Expression of RbAp48 diminishes with aging, and increased expression in the dentate gyrus improves memory in aged mice. Similarly, infusions of osteocalcin reduce the detrimental effects of aging on memory in mice. Researchers here demonstrate a link between these two approaches, showing that both RbAp48 and osteocalcin operate via BDNF, well known to be associated with cognitive function over the course of aging. This sort of finding is quite common. All cellular mechanisms involve numerous proteins and can thus be influenced at many points. Research groups tend to independently discover various different approaches, and only later are they understood to involve the same underlying targets.
Alzheimer's disease changes the brain in different ways than does age-related memory loss, a milder, though far more common, memory disorder. Alzheimer's disease begins in a part of the brain called the entorhinal cortex, which lies at the foot of the hippocampus. Age-related memory loss, by contrast, begins within the hippocampus itself, in a region called the dentate gyrus.
In 2013, researchers discovered that a deficiency in the RbAp48 protein is a significant contributor to age-related memory loss but not Alzheimer's. Research has shown that RbAp48 levels decline with age, both in mice and in people. This decline can be counteracted; when researchers artificially increased RbAp48 in the dentate gyrus of aging mice, the animals' memories improved. In 2017, the researchers found another way to improve the memories of mice. Infusions of osteocalcin, a hormone normally released by bone cells, had a positive effect on memory.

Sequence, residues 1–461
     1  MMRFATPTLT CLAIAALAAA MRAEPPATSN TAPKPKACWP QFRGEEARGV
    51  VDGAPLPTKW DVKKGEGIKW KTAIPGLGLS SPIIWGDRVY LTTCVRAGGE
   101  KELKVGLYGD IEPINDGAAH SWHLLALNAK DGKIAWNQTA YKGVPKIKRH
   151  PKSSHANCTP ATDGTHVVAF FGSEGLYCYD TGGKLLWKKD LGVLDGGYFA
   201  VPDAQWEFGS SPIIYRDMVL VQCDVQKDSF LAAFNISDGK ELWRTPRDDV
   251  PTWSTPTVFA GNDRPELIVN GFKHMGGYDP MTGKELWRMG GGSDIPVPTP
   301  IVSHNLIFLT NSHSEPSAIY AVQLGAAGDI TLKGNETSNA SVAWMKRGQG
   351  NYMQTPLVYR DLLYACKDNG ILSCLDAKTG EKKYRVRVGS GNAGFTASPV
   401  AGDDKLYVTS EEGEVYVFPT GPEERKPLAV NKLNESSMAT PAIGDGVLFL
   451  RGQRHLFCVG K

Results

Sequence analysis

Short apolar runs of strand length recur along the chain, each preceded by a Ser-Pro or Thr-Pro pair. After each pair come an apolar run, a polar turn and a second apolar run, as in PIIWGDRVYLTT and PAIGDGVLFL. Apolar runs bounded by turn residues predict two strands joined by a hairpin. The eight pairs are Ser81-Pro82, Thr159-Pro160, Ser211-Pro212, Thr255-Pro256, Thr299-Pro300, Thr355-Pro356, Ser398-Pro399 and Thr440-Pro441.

A new study connects osteocalcin and RbAp48, suggesting that the key driver of the memory improvements lay in the interplay between these molecules. In a series of molecular and behavioral experiments, the team found that RbAp48 controls the expression levels of BDNF and GPR158, two proteins regulated from osteocalcin. This chain of events appears to be critical; if RbAp48 function is inhibited, osteocalcin infusions have no effect on the animals' memory. Osteocalcin needs RbAp48 to kick start the process.
This complex sequence of molecular signals is entirely different from those associated with Alzheimer's disease. These findings also provide further evidence in favor of what may be the best way to stave off, or even treat, age-related memory loss in people: exercise. Studies in mice have shown that moderate exercise, such as walking, triggers the release of osteocalcin in the body. Over time, osteocalcin may make its way to the brain, where it encounters RbAp48. Eventually, this could have a long-term, positive effect on memory and the brain.